Indeed, the issues to be decided upon in that case are exactly the ones that EU Courts have perfectly understood and applied in cases like Cartes Bancaires, Mastercard, Streetmap, Bottin, etc. That is the view I tried to develop here:  Lessons from the Case Law for Competition Law Enforcement in Multi-Sided Markets (A Teaser)

The transcript of the hearing held yesterday is already available here  (that, on the other hand, shows that US Court litigation is more advanced logistically) [By the way, I can’t comment on the transcript yet because I am preparing for a hearing at the CJEU on Thursday (all those interested in tax-related State aid should attend, because there will be no transcript)]. I did however read many of the amicus curiae briefs a few weeks ago (all of which are also publicly available here) and they confirmed the point that this is all stuff we know too well and that judges in Europe have already understood all too well.

Written by Alfonso Lamadrid

27 February 2018 at 5:25 pm

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NEW PAPER: The future of Article 102 TFEU after Intel

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What lies ahead

My paper discussing the implications of the Court of Justice’s judgment in Intel is now available for download on ssrn (click here). As usual, I would very much welcome your thoughts on it.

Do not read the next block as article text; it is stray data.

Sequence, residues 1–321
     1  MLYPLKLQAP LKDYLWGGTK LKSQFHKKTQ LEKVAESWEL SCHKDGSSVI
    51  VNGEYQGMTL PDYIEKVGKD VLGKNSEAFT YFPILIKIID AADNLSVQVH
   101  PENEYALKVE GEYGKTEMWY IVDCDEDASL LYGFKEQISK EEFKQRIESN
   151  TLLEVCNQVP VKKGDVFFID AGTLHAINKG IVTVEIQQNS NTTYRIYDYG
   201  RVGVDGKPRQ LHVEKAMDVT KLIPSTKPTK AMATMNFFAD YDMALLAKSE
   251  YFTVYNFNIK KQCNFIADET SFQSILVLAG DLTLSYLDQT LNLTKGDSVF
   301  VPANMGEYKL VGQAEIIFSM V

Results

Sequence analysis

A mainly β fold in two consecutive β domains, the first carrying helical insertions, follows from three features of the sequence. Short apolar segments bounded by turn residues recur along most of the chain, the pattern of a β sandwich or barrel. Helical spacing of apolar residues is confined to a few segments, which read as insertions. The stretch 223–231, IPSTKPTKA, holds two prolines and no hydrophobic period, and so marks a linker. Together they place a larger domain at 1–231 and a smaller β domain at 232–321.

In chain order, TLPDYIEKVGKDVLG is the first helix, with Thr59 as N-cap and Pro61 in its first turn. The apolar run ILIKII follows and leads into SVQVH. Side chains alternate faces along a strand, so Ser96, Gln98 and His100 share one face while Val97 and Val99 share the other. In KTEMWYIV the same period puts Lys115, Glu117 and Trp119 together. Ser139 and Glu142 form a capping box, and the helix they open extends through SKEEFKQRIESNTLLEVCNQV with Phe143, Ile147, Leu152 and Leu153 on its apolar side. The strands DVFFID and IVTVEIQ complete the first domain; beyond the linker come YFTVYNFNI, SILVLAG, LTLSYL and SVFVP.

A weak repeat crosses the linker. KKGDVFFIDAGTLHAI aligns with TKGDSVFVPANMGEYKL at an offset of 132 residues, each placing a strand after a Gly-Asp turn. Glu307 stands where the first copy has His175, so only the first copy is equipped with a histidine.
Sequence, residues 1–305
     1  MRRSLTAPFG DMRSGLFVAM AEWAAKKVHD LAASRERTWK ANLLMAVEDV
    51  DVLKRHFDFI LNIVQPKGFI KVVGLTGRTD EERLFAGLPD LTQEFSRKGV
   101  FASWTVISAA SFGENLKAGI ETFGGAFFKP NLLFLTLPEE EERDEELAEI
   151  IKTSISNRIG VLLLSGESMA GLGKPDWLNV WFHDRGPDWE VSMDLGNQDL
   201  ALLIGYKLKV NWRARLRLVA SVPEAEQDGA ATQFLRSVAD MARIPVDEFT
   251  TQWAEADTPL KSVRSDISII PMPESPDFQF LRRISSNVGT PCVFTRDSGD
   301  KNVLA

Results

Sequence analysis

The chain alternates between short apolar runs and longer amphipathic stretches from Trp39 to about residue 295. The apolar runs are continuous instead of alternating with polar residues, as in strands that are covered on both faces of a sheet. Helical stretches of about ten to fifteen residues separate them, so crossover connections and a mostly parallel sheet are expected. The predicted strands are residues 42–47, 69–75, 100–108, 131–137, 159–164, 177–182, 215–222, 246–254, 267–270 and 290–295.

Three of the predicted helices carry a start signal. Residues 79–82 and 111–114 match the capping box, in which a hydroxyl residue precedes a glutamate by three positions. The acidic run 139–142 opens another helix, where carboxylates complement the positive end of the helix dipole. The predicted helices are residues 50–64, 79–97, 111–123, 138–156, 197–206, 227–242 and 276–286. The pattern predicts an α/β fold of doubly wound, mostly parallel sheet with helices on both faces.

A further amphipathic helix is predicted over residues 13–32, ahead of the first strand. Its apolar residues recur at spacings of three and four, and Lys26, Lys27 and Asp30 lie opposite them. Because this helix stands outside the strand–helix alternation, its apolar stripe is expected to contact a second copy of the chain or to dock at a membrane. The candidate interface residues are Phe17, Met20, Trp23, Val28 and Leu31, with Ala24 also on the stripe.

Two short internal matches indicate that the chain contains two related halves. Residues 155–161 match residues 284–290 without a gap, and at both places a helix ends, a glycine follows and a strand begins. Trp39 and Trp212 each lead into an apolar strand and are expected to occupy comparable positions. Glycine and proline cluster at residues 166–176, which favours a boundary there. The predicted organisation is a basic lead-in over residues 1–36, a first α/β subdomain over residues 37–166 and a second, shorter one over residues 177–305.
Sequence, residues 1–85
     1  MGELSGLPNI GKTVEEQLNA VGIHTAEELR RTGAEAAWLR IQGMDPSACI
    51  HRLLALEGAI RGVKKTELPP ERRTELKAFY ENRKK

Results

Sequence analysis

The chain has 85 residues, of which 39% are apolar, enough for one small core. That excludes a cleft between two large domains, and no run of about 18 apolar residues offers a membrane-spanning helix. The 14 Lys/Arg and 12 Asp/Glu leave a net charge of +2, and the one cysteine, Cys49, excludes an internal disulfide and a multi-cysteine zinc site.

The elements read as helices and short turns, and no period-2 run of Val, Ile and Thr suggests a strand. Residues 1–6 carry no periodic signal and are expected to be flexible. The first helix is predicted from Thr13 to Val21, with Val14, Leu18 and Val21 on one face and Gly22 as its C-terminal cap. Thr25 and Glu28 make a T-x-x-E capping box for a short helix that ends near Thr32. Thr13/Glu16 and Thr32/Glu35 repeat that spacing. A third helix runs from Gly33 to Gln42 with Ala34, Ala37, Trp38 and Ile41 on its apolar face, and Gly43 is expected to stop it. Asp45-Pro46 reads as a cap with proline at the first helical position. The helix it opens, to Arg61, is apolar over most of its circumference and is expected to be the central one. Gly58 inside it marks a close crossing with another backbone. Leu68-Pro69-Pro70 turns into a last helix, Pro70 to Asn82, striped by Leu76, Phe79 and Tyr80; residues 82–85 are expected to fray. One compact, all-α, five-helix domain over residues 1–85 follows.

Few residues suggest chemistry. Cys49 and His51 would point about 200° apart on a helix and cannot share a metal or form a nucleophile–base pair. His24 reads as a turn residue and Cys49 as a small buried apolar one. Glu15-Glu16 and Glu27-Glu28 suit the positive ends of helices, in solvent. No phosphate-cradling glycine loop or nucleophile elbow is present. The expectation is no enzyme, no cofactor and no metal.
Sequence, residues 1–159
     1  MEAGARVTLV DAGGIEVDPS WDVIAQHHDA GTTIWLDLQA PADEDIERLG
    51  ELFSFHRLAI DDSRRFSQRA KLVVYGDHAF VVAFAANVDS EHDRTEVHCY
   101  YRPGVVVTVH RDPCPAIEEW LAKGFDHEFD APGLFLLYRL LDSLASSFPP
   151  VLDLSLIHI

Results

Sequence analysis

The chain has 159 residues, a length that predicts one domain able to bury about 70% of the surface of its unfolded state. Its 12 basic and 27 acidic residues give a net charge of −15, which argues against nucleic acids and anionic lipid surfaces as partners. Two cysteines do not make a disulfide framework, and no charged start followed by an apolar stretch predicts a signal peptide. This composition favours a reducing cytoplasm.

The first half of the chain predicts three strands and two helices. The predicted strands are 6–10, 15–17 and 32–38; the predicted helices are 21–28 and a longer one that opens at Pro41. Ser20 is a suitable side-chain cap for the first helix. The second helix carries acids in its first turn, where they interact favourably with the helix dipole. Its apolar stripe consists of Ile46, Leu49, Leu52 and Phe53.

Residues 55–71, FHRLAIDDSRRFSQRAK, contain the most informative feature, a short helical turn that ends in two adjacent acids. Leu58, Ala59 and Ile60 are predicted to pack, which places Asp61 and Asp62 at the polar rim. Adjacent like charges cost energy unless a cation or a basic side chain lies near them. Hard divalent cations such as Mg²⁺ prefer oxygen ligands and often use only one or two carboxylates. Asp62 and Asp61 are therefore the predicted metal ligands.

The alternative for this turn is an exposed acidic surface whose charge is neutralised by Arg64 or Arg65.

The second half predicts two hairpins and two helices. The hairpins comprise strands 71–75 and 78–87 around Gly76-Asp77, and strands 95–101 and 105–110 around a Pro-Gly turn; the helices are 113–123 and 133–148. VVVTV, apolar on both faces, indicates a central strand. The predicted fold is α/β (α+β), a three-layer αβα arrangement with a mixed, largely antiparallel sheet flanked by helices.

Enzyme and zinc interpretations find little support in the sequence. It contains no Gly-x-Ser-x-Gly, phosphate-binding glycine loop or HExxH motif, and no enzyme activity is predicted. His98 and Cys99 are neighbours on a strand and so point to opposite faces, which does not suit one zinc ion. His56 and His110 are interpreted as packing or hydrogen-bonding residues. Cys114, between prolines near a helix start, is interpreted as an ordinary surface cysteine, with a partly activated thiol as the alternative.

Has something changed? Maybe nothing, but a lot needs to change

Has something changed with Intel? Strictly speaking, nothing has changed. It really is a clarification. The point of law introduced in Intel was there for all to see before the ruling. It was just waiting for the occasion to come out.

The above does not mean, however, that everything people were saying before Intel is correct, or that courts and authorities can carry on as usual as if the judgment had never been delivered. It may be true that nothing has changed in theory, but a lot needs to change in practice.

Exclusive dealing and loyalty rebates continue to be ‘by object’ infringements – in the sense that they are prima facie prohibited irrespective of their effects – after Intel. A practice is only prohibited by object if it is capable of having restrictive effects. However, capability in relation to these practices is presumed. In this sense, it is true that nothing has changed.

On the other hand, the Court made it explicit in Intel that dominant firms can challenge the presumption of capability. This is true of all ‘by object’ abusive practices, not just exclusive dealing and loyalty rebates. We knew it was possible to rebut the presumption of capability under Article 101 TFEU (Murphy). We now know for sure that the same can be done under Article 102 TFEU.

An arrêt-cadre, not an arrêt-loi

I explain in my article that Intel is an arrêt-cadre, not an arrêt-loi. I mean by this that Intel lays down a framework, but does not develop it. I have come to the conclusion that this is a positive aspect of the judgment: trying to craft a whole system from the top-down may be counterproductive. It is better to wait for concrete issues to arise – this is after all the whole philosophy behind the EU Treaties.